The Bird Species That Sing the Same Tune for Hundreds of Thousands of Years – Technology Networks


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Many of the birds that awaken us each morning learn their melodious songs the same way that humans learn a dialect — from parents and neighbors.

But to most biologists, learning songs through mimicry is an uncertain and error-prone process, resulting in slow but inevitable change in song over the years.

A recent study by biologists from the University of California, Berkeley, and Missouri State University in Springfield, however, documents songs in East African sunbirds that have remained nearly unchanged for more than 500,000 years, and perhaps for as long as 1 million years, making the songs nearly indistinguishable from those of relatives from which they’ve long been separated.

The amazingly static nature of their songs may be due to a lack of change in these birds’ environments, which are stable mountain forests — so-called sky islands — isolated from other sky island populations of the same or similar species for tens of thousands to millions of years. The coloration of the birds’ feathers has changed little, as well, making their plumage nearly indistinguishable from each other, even though some are separate, but closely related, species.

“If you isolate humans, their dialects quite often change; you can tell after a while where somebody comes from. And song has been interpreted in that same way,” said senior author Rauri Bowie, UC Berkeley professor of integrative biology and a curator in the campus’s Museum of Vertebrate Zoology. “What our paper shows is that it’s not necessarily the case for birds. Even in traits that should be very labile, such as song or plumage, you can have long periods of stasis.”

Bowie said that the idea that bird song readily changes likely arose from studies of Northern Hemisphere birds, which have encountered changing environmental conditions repeatedly, with glaciers coming and going over the last tens of thousands of years. Changing environments cause changes in plumage, bird song, mating behavior and much more.

But mountaintop environments in the tropics, particularly in Eastern Africa — from Mt. Kenya to Mt. Kilimanjaro in Tanzania south through Malawi into Mozambique — have seen little geological change over that same time period. Hence, the birds the researchers studied — lineages of the eastern double-collared sunbirds in the genus Cinnyris — had no impetus to alter either their colorful plumage or their often intricate songs.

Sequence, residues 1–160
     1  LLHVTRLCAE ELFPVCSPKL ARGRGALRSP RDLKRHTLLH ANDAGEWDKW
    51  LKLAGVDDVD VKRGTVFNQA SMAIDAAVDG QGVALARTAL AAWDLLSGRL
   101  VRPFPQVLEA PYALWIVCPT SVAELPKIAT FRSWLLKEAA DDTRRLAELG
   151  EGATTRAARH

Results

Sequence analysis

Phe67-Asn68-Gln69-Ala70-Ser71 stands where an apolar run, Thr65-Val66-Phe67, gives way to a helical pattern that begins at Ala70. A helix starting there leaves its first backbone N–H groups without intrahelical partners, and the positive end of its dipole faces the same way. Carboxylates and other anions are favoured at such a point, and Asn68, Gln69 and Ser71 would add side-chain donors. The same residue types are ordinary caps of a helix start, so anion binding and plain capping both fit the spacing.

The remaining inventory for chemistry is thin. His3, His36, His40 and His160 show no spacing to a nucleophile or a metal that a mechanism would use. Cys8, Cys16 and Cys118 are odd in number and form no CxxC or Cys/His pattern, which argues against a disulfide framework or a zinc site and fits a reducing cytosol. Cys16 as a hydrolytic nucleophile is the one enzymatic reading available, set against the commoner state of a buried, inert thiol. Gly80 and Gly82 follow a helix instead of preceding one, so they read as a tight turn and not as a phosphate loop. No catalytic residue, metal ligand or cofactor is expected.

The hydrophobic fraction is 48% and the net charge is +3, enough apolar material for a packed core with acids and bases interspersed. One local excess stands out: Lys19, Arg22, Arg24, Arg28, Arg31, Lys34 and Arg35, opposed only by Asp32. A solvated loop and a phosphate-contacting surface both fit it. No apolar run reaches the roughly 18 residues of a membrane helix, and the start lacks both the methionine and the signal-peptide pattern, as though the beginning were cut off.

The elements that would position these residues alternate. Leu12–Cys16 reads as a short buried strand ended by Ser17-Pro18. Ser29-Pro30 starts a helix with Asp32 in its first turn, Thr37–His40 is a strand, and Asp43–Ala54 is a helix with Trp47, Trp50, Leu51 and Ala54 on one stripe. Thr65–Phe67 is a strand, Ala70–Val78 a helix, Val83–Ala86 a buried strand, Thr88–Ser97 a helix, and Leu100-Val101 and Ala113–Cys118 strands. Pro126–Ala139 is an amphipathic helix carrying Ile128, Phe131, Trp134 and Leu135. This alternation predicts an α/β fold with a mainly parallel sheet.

“For social signals like song, or bright plumage colors, to take another example in birds, evolutionary biologists have focused a great deal on how the signals seem to be able to evolve quickly and in pretty random directions,” said first author Jay McEntee, an assistant professor of biology at Missouri State. “The result from our work — that there can be long periods without much change for learned song — suggests we should be asking which forces can constrain these social signals over time, in addition to asking which forces cause changes.”

According to Bowie, biologists recognize two types of barriers to mating that tend to generate new species of animals. Pre-mating barriers are signals that stop an individual from mating with another. In birds, this could be because it doesn’t sing the right song or doesn’t look the same as the other bird, but if the two did mate, they could produce offspring. Post-mating barriers are actual mechanistic reproductive incompatibilities, such that they don’t produce offspring, even if they mate.

“Song is thought to be one of the most important pre-mating isolation barriers, one of the key ways that birds tell each other apart,” he said. “That a learned trait can remain static for hundreds to thousands of years is simply remarkable, a discovery that reflects how much the field study of tropical systems has to offer the scientific community and curious observer.”

McEntee, Bowie and their colleagues in Africa, Europe and the U.S. published their findings last month in the journal Proceedings of the Royal Society B.


Reference: McEntee JP, Zhelezov G, Werema C, et al. Punctuated evolution in the learned songs of African sunbirds. Proc. Royal Soc. B. 2021;288(1963):20212062. doi: 10.1098/rspb.2021.2062

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